II. Course Analysis per Language (arranged alphabetically) A. Overview and Analysis of Common Assessments Delivered B. Format and Delivery (use of SchoolNet, performance based or objective…) C. Student Performance Overview D. Action Plans for Struggling Students (including intervention efforts and plans)
Spanish A. Overview and Analysis of Common Assessments Delivered B. Format and Delivery (use of SchoolNet, performance based or objective…) C. Student Performance Overview D. Action Plans for Struggling Students (including intervention efforts and plans)
2 nd semester grades - Spanish II and III - Pitts Spanish students continue to grow stronger in the language per accumulated year of Spanish. Unlimited mastery performance chances account for 0% failures in both Spanish II and III. Retakes also encourage students to try harder, resulting in a blue bell curve that has a slight positive peak at the B-C level for Spanish III. For Spanish II, this methodology shows its success as there are fewer lower grades.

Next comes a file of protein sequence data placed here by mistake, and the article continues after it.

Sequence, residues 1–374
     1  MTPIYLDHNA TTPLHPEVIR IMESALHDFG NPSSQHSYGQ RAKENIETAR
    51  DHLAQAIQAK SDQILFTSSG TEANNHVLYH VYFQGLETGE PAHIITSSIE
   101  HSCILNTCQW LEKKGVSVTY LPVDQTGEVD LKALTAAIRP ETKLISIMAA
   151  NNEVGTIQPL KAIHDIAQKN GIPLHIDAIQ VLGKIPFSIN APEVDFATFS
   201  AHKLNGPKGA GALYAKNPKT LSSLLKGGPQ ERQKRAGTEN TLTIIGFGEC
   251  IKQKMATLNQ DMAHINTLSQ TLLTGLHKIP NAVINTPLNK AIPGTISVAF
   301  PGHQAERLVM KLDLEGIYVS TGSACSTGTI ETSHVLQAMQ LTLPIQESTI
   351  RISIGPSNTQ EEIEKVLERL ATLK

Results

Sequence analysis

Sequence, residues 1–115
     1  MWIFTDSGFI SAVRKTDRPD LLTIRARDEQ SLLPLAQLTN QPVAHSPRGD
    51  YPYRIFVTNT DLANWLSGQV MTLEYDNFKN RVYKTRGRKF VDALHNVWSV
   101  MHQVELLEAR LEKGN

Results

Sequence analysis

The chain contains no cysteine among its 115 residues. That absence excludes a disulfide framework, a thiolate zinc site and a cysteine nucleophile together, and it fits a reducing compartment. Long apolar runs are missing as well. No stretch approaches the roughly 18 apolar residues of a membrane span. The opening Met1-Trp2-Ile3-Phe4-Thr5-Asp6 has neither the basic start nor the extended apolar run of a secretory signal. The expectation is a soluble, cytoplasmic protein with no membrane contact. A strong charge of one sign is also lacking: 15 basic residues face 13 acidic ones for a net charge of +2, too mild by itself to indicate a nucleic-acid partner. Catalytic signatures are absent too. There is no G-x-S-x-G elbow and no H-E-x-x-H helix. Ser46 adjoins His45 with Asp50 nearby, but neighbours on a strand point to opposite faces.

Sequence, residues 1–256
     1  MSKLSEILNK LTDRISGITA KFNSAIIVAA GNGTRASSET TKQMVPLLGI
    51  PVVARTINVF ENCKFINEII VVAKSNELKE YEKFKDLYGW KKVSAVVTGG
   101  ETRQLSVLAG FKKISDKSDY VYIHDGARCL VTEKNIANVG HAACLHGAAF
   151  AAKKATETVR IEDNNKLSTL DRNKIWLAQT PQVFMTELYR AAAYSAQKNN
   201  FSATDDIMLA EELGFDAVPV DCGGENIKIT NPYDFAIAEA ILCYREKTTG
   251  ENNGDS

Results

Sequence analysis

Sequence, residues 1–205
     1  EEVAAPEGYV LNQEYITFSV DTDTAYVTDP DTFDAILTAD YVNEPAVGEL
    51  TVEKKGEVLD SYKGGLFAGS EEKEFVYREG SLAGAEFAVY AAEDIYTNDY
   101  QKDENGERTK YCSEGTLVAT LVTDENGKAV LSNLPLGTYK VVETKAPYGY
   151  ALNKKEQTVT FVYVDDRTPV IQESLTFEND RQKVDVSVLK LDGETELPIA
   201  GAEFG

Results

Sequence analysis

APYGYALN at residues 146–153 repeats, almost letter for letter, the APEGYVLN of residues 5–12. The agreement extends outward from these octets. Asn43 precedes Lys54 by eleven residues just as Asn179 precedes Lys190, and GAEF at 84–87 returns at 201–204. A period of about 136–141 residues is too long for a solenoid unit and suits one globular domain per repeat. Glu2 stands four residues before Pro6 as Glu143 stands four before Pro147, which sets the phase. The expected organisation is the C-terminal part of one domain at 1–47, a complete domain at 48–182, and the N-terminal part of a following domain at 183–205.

Midterm grades - Spanish II and III - Pitts These numbers reflect inclusion of both the common testing parts and the teacher individual parts. Spanish II mid-term exam included multiple choice, listening and reading comprehension, writing and culture section. Spanish III mid-term exam included large scantron multiple choice, listening and reading comprehension, writing and culture section. The methodology of second chances adversely affects midterm grades as exams are not eligible for retakes. As per student survey, lower level students for many reasons did not take advantage of the review packet and spent less time on the exam itself i.e. double-checking answers. A and B/C students really benefited from and liked the reviews. The speaking part was the least stellar of the four part exam (listening, reading, writing, speaking.) Speaking is usually the hardest score to raise due to our geographical location and make-up of student body. Little to no exposure outside of the classroom is readily available unless the assignments specifically direct students to seek out target language opportunities. The test itself for Spanish III was mostly scantron and much longer than the Spanish II exam which may account for student test taking fatigue. This is the third year that the same questions have been used for both levels with minor adaptations each year. One Spanish III class contains an inordinate large number of students with testing/studying issues who are also much less prepared for the rigors of a level III language.